Sources at other banks expressed amazement at the size of the deposits placed with Anglo Irish and believe that such a large deposit could not have been lodged with the bank without the approval of the Financial Regulator and the Central Bank which had the industry under close scrutiny at the time when the worsening liquidity crisis threatened the stability of all institutions but particularly Anglo.
One senior banker said that most institutions would only be able to place a maximum deposit worth several hundred million euro with any single bank - even a bank with a very high financial rating.
It is also not yet clear whether Irish Life & Permanent charged a substantial fee for placing such a massive sum of money with its rival Anglo Irish.
To understand the mounting pressure on Anglo Irish last September it’s also worth considering other moves by the bank to strengthen its financial position at a time when liquidity was drying up. At one point that month Anglo Irish floated the idea of taking over Irish Nationwide, a smaller lender. It also made a tentative overture to Irish Life & Permanent about a possible merger around the same time.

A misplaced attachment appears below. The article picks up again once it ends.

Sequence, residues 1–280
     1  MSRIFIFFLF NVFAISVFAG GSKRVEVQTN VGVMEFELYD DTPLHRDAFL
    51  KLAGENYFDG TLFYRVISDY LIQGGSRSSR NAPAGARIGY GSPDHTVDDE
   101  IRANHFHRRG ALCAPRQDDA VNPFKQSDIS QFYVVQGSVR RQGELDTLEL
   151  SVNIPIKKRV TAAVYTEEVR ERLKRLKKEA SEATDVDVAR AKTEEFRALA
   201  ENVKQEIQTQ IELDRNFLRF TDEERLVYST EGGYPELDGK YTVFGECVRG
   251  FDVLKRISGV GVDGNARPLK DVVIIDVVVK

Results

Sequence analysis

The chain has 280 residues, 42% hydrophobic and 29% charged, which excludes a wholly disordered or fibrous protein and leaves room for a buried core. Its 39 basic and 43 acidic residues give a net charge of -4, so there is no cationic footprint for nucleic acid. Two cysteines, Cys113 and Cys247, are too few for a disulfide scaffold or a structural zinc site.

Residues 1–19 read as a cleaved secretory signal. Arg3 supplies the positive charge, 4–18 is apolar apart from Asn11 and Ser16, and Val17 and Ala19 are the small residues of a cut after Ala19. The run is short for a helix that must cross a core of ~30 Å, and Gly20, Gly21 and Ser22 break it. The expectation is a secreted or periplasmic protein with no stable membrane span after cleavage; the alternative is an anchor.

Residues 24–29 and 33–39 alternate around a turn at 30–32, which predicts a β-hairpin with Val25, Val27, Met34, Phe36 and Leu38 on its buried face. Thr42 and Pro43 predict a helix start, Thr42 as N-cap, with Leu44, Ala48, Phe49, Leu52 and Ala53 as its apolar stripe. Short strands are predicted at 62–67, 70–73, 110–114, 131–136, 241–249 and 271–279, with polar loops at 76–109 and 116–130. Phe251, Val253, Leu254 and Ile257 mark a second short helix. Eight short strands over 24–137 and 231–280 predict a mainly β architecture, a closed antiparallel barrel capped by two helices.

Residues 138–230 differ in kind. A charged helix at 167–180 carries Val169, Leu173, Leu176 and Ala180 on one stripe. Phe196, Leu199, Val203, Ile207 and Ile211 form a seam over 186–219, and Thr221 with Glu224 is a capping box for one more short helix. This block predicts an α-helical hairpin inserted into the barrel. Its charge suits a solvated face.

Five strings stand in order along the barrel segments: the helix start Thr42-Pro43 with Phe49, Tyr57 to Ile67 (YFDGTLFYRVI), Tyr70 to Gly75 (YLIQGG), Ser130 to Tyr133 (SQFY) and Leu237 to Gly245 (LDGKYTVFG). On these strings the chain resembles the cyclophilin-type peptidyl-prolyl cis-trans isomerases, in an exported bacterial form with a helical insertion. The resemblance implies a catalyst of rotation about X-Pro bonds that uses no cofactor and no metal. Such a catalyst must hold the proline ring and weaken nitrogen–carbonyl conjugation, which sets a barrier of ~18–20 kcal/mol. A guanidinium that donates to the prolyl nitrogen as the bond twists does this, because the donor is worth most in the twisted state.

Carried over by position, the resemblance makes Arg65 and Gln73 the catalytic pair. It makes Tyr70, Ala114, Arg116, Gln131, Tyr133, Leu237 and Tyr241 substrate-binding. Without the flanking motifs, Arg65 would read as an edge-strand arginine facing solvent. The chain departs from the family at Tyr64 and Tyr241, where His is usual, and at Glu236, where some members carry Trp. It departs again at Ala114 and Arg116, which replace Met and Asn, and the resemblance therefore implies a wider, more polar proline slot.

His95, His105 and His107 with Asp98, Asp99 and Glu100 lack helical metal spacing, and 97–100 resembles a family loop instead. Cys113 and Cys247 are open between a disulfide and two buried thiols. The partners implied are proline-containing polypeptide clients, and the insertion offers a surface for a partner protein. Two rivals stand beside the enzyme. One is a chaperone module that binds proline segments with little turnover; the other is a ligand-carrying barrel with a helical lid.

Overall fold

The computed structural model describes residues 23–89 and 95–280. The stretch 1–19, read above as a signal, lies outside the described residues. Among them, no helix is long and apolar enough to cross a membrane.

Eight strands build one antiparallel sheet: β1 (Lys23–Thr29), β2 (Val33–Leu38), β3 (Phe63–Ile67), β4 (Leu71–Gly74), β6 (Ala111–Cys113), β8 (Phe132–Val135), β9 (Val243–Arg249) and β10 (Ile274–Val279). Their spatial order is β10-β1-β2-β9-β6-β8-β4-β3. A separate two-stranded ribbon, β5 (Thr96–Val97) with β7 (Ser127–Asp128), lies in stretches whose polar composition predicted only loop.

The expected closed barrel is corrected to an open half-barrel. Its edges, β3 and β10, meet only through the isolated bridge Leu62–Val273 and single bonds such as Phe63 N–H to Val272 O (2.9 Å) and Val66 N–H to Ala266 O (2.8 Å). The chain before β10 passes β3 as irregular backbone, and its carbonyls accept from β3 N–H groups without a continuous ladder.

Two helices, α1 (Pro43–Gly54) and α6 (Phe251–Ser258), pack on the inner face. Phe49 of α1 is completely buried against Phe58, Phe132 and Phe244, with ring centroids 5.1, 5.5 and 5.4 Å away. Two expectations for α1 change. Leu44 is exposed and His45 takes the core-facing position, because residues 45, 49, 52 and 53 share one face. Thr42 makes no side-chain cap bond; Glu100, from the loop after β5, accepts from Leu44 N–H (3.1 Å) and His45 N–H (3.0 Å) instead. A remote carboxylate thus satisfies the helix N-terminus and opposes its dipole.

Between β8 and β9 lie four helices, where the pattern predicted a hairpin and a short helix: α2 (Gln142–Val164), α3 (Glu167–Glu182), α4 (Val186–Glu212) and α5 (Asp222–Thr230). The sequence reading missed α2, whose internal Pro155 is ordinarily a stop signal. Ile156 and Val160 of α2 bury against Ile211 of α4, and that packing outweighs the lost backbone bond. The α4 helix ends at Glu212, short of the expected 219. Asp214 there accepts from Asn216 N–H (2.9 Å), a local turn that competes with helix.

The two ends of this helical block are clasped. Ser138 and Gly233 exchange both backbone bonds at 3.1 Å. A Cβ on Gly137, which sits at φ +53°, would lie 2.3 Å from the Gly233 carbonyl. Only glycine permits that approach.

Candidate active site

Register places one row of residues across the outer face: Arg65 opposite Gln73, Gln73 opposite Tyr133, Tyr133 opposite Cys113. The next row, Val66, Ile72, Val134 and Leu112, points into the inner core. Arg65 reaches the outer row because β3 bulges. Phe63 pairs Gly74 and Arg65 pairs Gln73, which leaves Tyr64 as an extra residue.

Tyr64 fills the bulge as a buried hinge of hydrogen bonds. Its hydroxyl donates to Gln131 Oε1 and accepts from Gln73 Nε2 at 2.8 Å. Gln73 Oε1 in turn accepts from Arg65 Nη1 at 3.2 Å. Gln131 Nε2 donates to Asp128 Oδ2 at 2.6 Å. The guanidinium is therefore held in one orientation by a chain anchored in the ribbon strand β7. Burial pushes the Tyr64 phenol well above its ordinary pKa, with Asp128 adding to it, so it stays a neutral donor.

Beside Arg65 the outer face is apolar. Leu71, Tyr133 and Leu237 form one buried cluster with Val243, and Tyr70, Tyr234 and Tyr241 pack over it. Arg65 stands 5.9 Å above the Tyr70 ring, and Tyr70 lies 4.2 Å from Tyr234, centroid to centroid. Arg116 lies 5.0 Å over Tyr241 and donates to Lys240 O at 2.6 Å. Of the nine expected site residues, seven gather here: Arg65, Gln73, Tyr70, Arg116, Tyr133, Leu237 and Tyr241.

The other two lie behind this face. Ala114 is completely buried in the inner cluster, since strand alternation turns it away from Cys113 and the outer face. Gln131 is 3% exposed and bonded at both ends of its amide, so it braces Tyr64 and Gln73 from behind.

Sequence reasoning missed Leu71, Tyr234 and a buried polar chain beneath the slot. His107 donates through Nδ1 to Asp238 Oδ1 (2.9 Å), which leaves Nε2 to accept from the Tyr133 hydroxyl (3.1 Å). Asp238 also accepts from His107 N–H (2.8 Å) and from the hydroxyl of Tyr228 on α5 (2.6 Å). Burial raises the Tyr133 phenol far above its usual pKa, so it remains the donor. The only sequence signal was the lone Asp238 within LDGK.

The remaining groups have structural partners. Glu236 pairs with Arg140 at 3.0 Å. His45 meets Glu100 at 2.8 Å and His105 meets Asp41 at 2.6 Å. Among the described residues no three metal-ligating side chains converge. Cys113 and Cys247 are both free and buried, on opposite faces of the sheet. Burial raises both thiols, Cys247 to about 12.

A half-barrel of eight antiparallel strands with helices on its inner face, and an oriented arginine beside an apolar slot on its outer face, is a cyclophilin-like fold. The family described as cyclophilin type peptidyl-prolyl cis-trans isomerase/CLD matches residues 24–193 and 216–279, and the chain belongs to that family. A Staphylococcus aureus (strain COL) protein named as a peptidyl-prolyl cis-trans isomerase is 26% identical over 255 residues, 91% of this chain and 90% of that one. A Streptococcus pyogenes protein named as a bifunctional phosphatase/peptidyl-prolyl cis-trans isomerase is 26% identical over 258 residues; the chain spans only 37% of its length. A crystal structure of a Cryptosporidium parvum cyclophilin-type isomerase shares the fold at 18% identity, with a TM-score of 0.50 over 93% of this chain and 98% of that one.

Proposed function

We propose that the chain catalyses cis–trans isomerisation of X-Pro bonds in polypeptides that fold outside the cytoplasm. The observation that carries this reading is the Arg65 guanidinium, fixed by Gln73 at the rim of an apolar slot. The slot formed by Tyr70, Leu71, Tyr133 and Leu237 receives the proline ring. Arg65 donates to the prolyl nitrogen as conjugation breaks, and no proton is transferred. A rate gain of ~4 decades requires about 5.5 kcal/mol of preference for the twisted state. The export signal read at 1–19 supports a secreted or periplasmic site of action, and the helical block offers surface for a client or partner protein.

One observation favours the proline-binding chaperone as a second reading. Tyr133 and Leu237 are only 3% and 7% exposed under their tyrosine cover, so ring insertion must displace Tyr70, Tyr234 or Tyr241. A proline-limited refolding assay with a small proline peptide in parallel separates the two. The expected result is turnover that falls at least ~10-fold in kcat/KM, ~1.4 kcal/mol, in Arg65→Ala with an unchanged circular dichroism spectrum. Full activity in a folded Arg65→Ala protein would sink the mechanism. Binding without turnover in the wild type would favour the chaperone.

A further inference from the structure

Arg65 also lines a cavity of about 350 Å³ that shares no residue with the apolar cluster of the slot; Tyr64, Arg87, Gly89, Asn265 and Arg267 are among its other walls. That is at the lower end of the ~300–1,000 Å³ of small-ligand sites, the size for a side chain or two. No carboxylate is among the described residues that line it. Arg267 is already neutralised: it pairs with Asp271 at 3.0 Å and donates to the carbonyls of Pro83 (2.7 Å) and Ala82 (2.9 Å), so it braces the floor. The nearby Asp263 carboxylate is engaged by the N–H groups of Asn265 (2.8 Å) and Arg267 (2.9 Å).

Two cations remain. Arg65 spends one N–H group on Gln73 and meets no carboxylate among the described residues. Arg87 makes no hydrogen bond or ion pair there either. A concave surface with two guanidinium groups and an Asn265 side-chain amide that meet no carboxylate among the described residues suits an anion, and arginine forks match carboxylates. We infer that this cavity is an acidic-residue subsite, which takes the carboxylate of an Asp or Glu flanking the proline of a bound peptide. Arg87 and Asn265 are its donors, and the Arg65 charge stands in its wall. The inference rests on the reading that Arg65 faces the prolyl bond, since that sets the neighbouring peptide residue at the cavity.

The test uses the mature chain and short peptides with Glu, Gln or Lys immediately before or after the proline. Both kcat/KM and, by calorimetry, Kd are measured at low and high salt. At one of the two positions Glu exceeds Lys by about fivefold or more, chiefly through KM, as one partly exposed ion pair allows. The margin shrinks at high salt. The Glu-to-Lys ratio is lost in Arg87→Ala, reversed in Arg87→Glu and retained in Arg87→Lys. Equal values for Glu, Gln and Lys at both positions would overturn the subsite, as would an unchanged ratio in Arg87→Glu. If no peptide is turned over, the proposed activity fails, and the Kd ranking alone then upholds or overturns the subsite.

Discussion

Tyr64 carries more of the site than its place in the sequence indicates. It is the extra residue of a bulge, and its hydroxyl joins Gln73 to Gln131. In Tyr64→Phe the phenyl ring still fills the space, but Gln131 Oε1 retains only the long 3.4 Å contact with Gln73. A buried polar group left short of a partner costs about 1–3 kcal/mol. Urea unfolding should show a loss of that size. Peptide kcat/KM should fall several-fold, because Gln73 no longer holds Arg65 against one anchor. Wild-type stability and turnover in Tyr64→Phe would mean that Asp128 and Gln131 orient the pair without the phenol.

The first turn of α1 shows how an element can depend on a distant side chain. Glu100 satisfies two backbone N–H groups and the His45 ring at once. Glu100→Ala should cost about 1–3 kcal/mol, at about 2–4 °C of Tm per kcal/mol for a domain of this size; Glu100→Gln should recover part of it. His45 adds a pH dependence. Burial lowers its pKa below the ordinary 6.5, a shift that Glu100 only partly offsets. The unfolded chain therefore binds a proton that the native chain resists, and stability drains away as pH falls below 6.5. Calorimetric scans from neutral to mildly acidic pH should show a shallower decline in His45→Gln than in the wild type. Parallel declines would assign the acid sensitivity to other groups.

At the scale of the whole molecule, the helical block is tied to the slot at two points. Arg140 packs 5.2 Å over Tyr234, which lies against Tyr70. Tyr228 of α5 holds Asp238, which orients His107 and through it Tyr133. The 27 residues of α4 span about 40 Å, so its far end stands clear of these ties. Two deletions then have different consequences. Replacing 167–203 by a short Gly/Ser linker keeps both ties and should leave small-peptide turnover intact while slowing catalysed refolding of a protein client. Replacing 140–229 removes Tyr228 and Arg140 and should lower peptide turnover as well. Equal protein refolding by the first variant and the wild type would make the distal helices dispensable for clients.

Merging with either institution would have given Anglo Irish easy access to discounted European Central Bank (ECB) funding under the Frankfurt-based bank’s liquidity system, which kept most financial institutions afloat as bank funding dried up as the credit crisis worsened sharply.
Banks can only use residential mortgages as collateral to draw down ECB funding. Anglo Irish is predominantly a specialised commercial property and investment lender with no residential mortgages, while Irish Life & Permanent is the State’s largest mortgage lender with a loan book of €40 billion and Irish Nationwide has a small residential mortgage book.
Both of Anglo Irish’s merger ideas came to nothing, but around the same time Irish Life & Permanent was willing to support Anglo Irish with deposits of up to €7 billion for several weeks.
The deposits were crucial in keeping Anglo Irish’s head above water at the height of bank funding crisis and painted a rosy picture of the bank’s financial health on the day its accounting year ended.
The regulator and Government are investigating whether Irish Life & Permanent’s deposits created a false picture of Anglo Irish and its effects on the bank’s accounts, shareholders and corporate governance.
Volatility in deposits was one of the reasons that forced the Government to nationalise the bank last month, so the investigations need to establish whether this volatility was exacerbated by the substantial, temporary deposit movements between rival Irish lenders.